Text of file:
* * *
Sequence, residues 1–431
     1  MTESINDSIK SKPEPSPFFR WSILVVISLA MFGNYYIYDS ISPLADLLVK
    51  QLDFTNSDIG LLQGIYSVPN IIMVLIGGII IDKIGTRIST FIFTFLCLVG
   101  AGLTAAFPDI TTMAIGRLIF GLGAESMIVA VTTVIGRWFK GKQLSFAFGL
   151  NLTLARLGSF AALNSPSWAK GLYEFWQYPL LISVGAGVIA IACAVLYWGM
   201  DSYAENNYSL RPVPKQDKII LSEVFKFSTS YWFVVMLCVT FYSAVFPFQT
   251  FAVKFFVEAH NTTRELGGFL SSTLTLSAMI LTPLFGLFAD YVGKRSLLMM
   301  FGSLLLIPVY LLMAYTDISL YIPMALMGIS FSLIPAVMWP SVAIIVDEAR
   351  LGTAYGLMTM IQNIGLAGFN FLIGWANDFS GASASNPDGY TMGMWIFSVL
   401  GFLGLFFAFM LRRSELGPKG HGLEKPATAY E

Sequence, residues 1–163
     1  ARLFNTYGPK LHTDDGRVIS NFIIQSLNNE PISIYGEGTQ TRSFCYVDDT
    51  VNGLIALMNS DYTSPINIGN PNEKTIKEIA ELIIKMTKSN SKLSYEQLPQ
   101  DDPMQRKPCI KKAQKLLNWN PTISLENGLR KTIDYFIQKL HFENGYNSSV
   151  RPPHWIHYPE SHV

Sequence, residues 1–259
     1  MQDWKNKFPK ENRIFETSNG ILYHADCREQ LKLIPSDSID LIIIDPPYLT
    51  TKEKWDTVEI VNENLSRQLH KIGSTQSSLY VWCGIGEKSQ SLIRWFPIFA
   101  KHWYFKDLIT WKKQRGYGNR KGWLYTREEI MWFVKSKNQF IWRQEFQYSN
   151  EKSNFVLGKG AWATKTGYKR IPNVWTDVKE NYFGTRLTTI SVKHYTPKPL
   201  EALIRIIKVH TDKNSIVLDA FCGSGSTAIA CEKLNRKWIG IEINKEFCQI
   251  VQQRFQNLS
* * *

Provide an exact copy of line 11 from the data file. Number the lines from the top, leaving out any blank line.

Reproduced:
Sequence, residues 1–163